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Research Review Highlights Yoga's Benefits for Arthritis, Back Pain and Other Pain Conditions
A great deal of yoga research has focused on pain syndromes including arthritis, neck and back pain, headaches, and the underlying mechanisms of pain reduction in yoga. According to a comprehensive review of yoga research published in Complementary Therapies in Clinical Practice, there is much more to be learned, but initial findings are cause for optimism.
Yoga for Arthritis
Roughly 21% of American adults suffer from some form of arthritis, making it one of the leading causes of chronic pain and disability. In a systematic review of studies in which yoga was used to relieve the pain of arthritis, 6 of 9 studies reported positive physiological and psychological outcomes. Another recent review of 12 trials involving 589 participants found that regular yoga practice was associated with decreased pain, stiffness and swelling. Unfortunately, these studies were hampered by a high degree of variability in approach, dosage, and inconsistent measurement.
Similarly, randomized controlled trials in which yoga was used to alleviate the pain of osteoarthritis in the knee have shown larger improvements in walking pain, knee disability, joint tenderness, swelling and crepitus, as well as greater range of motion when compared to therapeutic exercises or a combination of transcutaneous stimulation and ultrasound treatment.
A randomized controlled trial examining the long-term effects of yoga for those with rheumatoid arthritis, likewise found that those in the yoga group outperformed waitlist controls on measured of walking, flexibility and quality of life following 8 weeks of twice weekly, 60 minute classes, as well as 9 months later. More high-quality studies will be needed to better understand why and how interventions that incorporate yogic movements can benefit individuals with arthritic conditions.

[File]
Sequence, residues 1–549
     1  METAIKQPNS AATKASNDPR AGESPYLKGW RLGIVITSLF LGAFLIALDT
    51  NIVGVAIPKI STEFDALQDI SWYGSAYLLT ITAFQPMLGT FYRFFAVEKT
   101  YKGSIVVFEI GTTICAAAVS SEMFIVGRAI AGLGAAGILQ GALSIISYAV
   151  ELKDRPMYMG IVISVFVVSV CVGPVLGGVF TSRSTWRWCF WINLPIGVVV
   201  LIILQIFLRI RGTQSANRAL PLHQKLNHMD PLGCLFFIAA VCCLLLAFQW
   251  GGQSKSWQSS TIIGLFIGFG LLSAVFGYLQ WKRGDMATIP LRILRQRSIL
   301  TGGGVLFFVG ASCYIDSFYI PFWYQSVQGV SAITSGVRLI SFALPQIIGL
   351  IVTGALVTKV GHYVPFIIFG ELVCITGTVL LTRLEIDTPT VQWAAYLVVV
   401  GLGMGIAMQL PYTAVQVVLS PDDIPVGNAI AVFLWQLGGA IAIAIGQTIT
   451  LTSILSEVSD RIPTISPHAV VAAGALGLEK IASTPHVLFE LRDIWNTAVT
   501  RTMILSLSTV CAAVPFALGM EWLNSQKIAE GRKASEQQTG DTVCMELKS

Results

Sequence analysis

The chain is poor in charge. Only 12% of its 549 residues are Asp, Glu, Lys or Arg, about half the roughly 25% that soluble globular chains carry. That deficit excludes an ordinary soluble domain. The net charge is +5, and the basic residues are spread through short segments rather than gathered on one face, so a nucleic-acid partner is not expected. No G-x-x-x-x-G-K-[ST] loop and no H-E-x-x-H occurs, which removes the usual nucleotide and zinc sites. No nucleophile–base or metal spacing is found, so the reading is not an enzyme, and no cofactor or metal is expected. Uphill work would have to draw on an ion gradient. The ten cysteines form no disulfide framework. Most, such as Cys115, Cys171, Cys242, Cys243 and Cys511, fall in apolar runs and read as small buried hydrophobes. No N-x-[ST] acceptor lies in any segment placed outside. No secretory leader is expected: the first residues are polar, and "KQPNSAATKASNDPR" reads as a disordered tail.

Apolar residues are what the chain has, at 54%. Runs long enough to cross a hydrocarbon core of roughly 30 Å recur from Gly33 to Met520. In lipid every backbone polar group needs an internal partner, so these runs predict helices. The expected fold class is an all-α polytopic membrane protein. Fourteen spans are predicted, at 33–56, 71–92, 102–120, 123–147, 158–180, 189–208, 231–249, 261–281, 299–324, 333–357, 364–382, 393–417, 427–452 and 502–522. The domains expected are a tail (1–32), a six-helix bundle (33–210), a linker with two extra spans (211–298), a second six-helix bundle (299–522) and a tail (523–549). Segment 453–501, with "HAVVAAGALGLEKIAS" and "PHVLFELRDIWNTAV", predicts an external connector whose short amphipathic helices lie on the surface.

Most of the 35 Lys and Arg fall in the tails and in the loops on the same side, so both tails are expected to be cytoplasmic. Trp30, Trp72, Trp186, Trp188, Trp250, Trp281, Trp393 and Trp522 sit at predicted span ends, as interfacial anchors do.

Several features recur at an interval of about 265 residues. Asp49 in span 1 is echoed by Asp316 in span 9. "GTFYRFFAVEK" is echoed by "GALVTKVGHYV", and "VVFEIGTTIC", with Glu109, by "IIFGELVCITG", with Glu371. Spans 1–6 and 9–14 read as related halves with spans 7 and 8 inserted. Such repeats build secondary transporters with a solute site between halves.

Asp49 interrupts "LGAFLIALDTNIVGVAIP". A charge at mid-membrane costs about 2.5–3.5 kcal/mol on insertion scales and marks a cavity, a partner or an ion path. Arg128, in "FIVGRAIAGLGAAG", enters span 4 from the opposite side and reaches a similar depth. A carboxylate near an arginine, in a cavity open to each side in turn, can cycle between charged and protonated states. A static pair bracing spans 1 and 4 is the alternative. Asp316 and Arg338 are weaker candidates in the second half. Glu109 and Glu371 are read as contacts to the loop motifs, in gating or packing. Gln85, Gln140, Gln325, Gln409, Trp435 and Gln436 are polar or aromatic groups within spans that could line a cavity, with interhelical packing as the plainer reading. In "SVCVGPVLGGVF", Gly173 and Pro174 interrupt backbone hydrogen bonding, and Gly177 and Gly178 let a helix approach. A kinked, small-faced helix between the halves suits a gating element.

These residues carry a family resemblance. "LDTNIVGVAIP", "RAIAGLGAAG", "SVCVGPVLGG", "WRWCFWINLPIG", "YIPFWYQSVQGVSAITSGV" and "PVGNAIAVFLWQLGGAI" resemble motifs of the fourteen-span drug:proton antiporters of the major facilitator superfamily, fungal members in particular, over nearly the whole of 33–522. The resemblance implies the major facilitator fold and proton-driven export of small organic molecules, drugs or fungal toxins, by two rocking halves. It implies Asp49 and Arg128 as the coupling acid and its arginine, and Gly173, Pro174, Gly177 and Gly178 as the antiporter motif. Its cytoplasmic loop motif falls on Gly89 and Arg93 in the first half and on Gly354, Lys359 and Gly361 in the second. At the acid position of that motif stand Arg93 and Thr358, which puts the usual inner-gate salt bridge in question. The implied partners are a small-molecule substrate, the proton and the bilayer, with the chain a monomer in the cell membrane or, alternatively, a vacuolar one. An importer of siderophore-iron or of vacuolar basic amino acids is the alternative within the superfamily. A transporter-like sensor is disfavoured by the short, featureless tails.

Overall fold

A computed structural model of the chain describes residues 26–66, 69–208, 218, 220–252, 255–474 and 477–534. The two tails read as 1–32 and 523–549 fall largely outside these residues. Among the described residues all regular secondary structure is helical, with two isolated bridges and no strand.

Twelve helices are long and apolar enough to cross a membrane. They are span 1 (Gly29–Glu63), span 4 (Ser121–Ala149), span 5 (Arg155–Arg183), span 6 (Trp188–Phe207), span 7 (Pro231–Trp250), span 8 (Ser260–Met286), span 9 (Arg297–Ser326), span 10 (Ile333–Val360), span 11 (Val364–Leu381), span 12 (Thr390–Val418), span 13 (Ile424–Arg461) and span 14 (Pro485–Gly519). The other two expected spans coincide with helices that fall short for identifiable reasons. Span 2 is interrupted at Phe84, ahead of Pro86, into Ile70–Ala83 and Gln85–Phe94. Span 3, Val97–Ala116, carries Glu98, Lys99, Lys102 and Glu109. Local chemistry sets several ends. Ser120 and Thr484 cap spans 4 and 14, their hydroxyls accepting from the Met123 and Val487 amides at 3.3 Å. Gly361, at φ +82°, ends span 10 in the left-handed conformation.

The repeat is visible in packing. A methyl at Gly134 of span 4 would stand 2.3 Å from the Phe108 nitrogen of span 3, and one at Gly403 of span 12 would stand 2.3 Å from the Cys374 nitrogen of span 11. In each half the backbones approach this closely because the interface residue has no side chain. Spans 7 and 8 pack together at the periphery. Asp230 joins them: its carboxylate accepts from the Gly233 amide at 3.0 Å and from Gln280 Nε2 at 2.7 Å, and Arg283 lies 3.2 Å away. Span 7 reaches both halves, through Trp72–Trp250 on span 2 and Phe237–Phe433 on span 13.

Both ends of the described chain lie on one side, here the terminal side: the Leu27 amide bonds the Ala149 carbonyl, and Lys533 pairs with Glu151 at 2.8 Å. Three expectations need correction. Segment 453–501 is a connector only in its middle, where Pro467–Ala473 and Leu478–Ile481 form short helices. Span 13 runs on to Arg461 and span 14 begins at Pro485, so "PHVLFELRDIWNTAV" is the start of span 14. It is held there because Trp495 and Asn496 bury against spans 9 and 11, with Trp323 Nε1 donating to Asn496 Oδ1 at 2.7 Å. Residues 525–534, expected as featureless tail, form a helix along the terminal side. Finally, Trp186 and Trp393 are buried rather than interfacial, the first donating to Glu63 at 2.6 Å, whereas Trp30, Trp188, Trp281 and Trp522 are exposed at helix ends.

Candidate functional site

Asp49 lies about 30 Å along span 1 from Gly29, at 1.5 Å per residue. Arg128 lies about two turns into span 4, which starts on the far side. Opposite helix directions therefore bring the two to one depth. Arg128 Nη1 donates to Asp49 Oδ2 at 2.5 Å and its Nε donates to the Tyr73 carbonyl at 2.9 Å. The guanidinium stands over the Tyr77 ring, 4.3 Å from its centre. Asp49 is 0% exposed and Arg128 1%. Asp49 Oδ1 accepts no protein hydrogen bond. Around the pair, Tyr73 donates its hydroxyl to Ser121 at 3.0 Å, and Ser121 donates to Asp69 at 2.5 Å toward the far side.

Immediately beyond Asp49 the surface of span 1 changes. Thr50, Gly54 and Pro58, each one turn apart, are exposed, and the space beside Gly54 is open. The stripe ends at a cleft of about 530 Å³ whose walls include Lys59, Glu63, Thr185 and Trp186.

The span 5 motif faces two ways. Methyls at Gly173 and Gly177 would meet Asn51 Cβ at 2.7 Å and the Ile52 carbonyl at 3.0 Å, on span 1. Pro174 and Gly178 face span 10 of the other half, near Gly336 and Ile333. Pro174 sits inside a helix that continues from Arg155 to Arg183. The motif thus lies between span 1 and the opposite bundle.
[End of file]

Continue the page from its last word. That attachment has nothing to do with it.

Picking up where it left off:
Yoga for Relieving Neck Pain and Headaches
Chronic neck pain is also a debilitating condition that affects millions of adults worldwide. In a study comparing Pilates and yoga groups following 12 sessions, researchers found that both were comparable in decreasing disability and pain. These studies used postural modifications to assure the safety of participants, meaning that the approach varied by individual, which makes it difficult to ascertain how these benefits were achieved.
There is also some preliminary evidence that regular yoga practice may help to alleviate chronic migraine pain. In one randomized controlled study, individuals were assigned to either a medication or a medication plus yoga group. Those receiving yoga training reported significant declines in headache frequency and severity compared to controls. Correspondingly, declines in reported headache intensity and frequency were more pronounced in yoga participants in a study evaluating the difference between conventional care and conventional care plus yoga. The yoga group also evidenced an increase in vagal tone, and a decrease in sympathetic nervous system activity – both indicators of reduced physiological stress.